At the top of my To Do List this week is the completion of one of the proposals I’ve submitted to the Knight News Challenge this year. I’m posting it here in the hope that you’ll have some feedback on whether/how a service like this would be technically feasible. editorially useful and financially viable. I’m especially interested in hearing from editors of small papers, public records experts, civic/community organizers and anyone who’s worked on the OpenBlock code.
Under what conditions would you volunteer to help a project like this in your community? News organization — how much would you pay for a service like this? What characteristics would it need to have to make it worth your money? What else do you see here that needs further clarification?
(And a big hat-tip here to Penny Abernathy, the Knight Chair in Digital Media Economics here at the UNC-Chapel Hill School of Journalism and Mass Communication. She got this project kicked off with a grant from the McCormick Foundation and who is my co-pilot on this application.)
Here’s our draft pitch:
Crowdsourcing Data to Bring OpenBlock to Rural America
This project would create a co-op to develop and deploy public records databases at news organizations, especially those serving communities of fewer than 75,000 people, preparing those records for presentation and integration in an OpenBlock format.
These rural news organizations are struggling to move to the digital age in part because their staffs are so small they don’t have the capacity to identify, digitize, re-aggregate and map all the various public records available at the state and local level into databases that can be accessed intelligently by both reporters and the reading public.
The project would tackle the lack of capacity at rural papers from two directions. It would create a centralized repository of state, county and city schemas and datafeeds that could be easily used in OpenBlock. This a job well-suited for a small group of experts. In addition, the project will create a statewide corps of amateur data-checkers and records requesters. Data quality assurance and data gathering are jobs well-suited for a crowd of many people, each working on a small piece of the puzzle.
These volunteer citizen-journalists would actually be member-owners of a co-op business. Each task they perform would earn them additional shares in the company’s annual profits. We would generate revenue by charging rural newspapers a fee. The more records and the better their accuracy, the more news organizations would sign on for the service.
In some cases, volunteers would pick up CDs of data from county offices. In others volunteers would scan and upload PDFs of hand-written police incident reports. In still other cases, people would key into a database the information on those PDFs. This job is so big that no single small news organization could do it. But with a corps of member-owners working together, we could create a model for gathering valuable public records from rural America. To individual communities, these records are necessary to foster an informed civic dialog and healthy economy. But in aggregate, these records may also be able to shed light on trends in rural America that would otherwise go unreported.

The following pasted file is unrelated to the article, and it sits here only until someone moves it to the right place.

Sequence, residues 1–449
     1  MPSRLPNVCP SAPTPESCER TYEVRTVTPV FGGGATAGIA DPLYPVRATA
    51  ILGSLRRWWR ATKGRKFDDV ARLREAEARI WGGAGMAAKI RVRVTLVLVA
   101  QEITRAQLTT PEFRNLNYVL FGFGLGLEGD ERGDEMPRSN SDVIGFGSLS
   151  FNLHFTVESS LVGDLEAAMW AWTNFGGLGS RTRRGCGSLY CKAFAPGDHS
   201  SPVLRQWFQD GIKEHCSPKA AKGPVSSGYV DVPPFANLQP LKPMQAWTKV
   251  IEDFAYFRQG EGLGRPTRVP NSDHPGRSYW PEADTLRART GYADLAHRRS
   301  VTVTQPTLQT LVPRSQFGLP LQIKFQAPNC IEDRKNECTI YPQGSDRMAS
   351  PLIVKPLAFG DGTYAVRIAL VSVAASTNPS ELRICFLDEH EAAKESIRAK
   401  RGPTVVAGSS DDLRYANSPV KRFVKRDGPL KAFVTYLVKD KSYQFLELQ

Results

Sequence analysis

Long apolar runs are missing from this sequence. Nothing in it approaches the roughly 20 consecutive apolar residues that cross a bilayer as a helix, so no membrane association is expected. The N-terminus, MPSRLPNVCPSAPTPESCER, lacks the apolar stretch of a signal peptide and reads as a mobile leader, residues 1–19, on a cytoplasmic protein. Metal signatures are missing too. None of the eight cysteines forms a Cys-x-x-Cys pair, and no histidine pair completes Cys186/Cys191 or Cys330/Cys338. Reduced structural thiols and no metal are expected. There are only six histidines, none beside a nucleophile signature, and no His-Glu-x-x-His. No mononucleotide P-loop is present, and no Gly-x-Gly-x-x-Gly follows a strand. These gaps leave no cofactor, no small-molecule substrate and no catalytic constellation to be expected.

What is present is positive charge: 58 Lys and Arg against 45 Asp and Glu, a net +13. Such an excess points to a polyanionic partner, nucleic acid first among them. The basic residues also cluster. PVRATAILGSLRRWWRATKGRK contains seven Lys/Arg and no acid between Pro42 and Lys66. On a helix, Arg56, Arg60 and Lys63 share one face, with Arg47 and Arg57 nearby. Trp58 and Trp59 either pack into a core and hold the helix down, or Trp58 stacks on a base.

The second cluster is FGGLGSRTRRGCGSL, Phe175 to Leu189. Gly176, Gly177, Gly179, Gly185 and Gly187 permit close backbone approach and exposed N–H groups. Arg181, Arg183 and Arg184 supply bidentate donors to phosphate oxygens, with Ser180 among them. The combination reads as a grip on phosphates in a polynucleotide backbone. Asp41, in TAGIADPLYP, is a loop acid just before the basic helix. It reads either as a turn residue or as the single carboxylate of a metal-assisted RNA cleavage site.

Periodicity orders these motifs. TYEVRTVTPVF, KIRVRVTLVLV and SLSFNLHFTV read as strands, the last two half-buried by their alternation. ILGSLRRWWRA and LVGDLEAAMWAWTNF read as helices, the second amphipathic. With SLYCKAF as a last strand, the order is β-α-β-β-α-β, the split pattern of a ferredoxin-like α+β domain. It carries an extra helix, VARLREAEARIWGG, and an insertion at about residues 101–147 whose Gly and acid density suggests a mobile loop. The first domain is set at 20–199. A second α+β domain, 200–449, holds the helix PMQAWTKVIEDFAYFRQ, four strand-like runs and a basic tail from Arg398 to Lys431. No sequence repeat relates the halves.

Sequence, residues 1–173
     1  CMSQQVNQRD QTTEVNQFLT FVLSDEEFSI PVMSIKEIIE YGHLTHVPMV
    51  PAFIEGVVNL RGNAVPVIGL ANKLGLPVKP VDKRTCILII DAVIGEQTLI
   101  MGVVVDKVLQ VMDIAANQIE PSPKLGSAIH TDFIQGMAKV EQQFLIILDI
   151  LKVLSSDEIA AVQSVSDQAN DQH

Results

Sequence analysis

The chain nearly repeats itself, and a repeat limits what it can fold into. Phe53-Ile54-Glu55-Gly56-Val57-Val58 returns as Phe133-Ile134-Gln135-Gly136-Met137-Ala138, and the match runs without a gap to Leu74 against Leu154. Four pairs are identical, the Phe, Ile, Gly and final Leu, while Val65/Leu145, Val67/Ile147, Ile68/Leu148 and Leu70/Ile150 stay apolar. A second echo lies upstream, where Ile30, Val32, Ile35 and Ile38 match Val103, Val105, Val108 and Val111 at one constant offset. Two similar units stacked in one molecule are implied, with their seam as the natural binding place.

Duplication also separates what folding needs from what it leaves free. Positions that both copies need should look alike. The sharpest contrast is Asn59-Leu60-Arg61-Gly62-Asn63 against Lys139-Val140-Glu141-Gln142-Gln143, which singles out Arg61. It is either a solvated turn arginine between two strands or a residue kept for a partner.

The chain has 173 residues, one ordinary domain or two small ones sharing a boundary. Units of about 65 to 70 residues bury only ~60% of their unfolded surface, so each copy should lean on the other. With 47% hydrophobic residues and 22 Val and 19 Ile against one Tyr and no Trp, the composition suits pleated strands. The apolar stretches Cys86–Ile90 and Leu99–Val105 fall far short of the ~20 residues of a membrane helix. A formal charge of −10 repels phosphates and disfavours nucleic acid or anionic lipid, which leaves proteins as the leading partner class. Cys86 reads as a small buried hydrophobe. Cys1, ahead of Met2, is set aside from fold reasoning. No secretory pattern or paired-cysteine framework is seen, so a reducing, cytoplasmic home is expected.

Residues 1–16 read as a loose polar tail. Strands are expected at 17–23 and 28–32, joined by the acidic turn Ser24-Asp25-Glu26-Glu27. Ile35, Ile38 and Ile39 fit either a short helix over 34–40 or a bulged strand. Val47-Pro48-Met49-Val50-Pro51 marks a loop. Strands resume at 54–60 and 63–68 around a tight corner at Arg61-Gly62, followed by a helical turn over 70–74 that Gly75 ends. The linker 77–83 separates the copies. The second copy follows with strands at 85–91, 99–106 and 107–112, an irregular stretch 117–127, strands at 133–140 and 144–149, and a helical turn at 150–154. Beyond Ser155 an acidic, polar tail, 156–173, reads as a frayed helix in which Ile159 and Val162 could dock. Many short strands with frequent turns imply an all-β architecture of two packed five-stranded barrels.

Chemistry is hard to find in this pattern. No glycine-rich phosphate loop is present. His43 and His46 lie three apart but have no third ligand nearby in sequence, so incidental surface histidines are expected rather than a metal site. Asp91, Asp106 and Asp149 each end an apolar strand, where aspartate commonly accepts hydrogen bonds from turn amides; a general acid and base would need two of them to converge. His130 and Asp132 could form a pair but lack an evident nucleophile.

Improving Delivery of News and Information to Geographic Communities
In small towns and rural America, the local newspaper is more than just a source of information and an engine of commerce. More importantly, it fosters and builds geographic community and sets the agenda for public policy debate. This project will foster civic and community engagement — first, by forming a network of knowledgeable volunteer citizen-journalists, and also, by making public records readily available and organized to support decision-making and accountability at all levels of government.
In many cases, data that is readily available in GeoRSS or at least CSV format from big cities (such as this example from San Francisco) is simply not available even in print from rural governments. For example, journalism students at the University of North Carolina working last semester to gather and organize public records in two rural counties for an OpenBlock application met with a number of obstacles (which they describe in their blogs) – ranging from significant photocopying fees to inappropriate redactions and denial of access to public information.
Even when acquisition of public datasets is relatively simple – for example, public health restaurant inspections — someone must request that data from a specific county be exported in fielded data format. It is inefficient for each rural news organization to make separate requests for this data in each of North Carolina’s 100 counties. In these cases, our public records coop would outline an initial request for the data for each county.
Currently there is no tool or service that can efficiently gather, format and publish public records on rural news organizations’ sites. In part, this is a technology problem that may soon be overcome with the alpha rollout of OpenBlock later in 2011. But a much bigger piece of the problem is the data itself – neither OpenBlock nor any other technology has the ability to obtain public records as fielded digital data and create a newsworthy user interface for all the various types of records a news organization might need.